Sometimes, as I anguish over the number of books, articles, blogs, Op-Ed pieces, reviews, and commentaries that I attempt to read, just sometimes, I recall a simple truth: I love words. That passion, which is not expressed in any knowledge of poetry nor in an ability to rattle off and insert literary quotations into my everday speech, is why I cannot escape the desire to tap on computer keys or dangle a pen from my fingers or carry around a scrap of notebook. This is a constant presence — the belief that I may have something to write.
Of course 90% of the time it comes to nothing. There are scraps piled here and there, sentences underlined on occassion, and every now and then a paragraph in a notebook or a ramble on this blog. I wonder if this is why my email inbox is so full — have the messages become sort of addition to my “body of work.”
Emailing, as many of us know, is a tricky business. At the State Department, emailing is on the first-level controlled by a series of pronouncements drawn from case law, the most crucial being, “Users shall not have any reasonable expectation of privacy on this government system.” Over time, corollaries to these rules have come to life, and honesty and openness which give writing value are silently sacrificed to fears of forwarding and potential misunderstanding. To be fair, it’s hard to read tone or context in an email message, particularly within a bureaucratic structure. The State Dept. also has developed some of its own codes for email. Want a light, non-threatening opening to Joe Bureaucrat You’ve Never Met? Use ‘Dear Joe B, Greetings from [the country you’re in]!’ This line conveys to Joe B two things: 1) you are a harmless, positive emailer seeking information, and 2) the email does not involve hierarchy. Senior bureaucrats don’t use this greeting.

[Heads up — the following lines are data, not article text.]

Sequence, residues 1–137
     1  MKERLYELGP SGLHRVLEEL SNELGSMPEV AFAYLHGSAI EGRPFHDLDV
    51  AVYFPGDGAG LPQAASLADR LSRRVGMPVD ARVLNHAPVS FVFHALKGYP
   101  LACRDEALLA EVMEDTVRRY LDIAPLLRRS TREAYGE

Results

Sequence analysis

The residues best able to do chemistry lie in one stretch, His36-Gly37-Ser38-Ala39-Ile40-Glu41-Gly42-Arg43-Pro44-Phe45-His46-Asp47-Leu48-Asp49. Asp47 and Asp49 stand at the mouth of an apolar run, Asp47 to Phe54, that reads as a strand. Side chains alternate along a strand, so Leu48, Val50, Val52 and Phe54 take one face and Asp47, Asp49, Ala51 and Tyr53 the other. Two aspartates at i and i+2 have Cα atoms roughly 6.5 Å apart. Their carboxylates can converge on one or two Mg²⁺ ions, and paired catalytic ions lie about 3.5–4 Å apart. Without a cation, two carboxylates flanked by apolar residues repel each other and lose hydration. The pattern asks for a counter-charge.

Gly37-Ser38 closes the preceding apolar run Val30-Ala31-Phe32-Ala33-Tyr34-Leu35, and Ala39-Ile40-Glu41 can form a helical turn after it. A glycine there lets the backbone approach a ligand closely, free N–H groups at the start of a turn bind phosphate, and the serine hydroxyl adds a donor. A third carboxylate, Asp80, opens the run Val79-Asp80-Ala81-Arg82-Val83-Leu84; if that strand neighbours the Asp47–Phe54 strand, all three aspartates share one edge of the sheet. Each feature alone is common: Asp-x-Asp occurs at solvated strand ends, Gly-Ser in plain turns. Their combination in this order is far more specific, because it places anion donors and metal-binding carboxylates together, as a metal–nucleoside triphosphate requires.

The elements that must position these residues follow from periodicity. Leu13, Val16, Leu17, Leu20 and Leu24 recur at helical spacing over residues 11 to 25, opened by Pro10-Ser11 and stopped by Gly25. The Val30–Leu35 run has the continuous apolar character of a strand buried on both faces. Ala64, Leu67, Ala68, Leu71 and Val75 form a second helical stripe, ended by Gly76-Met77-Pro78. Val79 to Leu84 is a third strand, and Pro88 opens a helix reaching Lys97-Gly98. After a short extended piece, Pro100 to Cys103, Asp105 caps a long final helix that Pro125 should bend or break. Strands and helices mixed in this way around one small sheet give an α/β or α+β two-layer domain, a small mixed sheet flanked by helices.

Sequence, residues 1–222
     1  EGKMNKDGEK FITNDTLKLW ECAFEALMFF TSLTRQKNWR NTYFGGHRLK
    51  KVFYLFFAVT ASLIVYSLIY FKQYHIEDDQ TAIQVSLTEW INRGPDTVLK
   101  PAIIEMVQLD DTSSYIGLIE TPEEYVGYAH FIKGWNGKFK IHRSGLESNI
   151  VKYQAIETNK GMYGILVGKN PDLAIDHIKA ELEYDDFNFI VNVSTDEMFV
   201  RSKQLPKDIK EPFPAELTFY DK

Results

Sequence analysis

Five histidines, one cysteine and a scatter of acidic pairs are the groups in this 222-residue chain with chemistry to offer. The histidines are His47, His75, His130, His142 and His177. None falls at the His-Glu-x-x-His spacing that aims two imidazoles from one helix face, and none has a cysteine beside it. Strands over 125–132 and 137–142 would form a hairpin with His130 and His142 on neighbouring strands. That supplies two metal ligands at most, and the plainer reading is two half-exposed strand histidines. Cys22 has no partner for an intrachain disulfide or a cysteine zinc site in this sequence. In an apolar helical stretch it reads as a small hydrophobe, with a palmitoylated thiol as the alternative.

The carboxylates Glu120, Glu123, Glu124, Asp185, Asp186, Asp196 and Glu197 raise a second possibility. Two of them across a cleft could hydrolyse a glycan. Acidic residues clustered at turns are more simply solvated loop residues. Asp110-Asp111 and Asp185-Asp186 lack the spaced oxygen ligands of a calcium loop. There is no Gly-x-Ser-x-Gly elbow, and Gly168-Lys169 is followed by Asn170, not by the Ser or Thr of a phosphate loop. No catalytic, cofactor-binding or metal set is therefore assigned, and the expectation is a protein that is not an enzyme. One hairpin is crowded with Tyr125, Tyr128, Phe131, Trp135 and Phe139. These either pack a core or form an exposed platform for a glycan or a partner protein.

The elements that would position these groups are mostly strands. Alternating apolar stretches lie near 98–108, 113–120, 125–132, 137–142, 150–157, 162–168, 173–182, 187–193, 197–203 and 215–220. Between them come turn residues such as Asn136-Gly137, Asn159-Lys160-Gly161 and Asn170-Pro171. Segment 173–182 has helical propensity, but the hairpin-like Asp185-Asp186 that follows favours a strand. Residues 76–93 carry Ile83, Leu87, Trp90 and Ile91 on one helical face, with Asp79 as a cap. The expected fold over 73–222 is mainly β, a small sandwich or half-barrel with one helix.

If you use a blackberry, take advantage of the cover it provides. People will believe that if you are sending an email from a blackberry it’s because you have precious little time and are engaged on important government business. You are therefore exempted from common courtesies and given a startling amount of deference/slack. You can be blunt, spell creatively, and dismiss concerns with a few quick thumbstrokes. Trust me, the default signature ‘Sent from my Blackberry Wireless’ is a 5-word get out of jail free card for 1000 email faux pas.
I tend to occasionally over analyze emails from close friends, lawyers, exes of all types, and people I feel a general emotional response to. A poorly thought out email received at 7am can put a damper on a morning that needs a double Nescafe to undo. To be fair, a sentence from someone you want to meet for dinner can have you doing a jig down the stairs. What are you gonna do? I suspect that’s the reason why more and more people I know are simply using email less and less.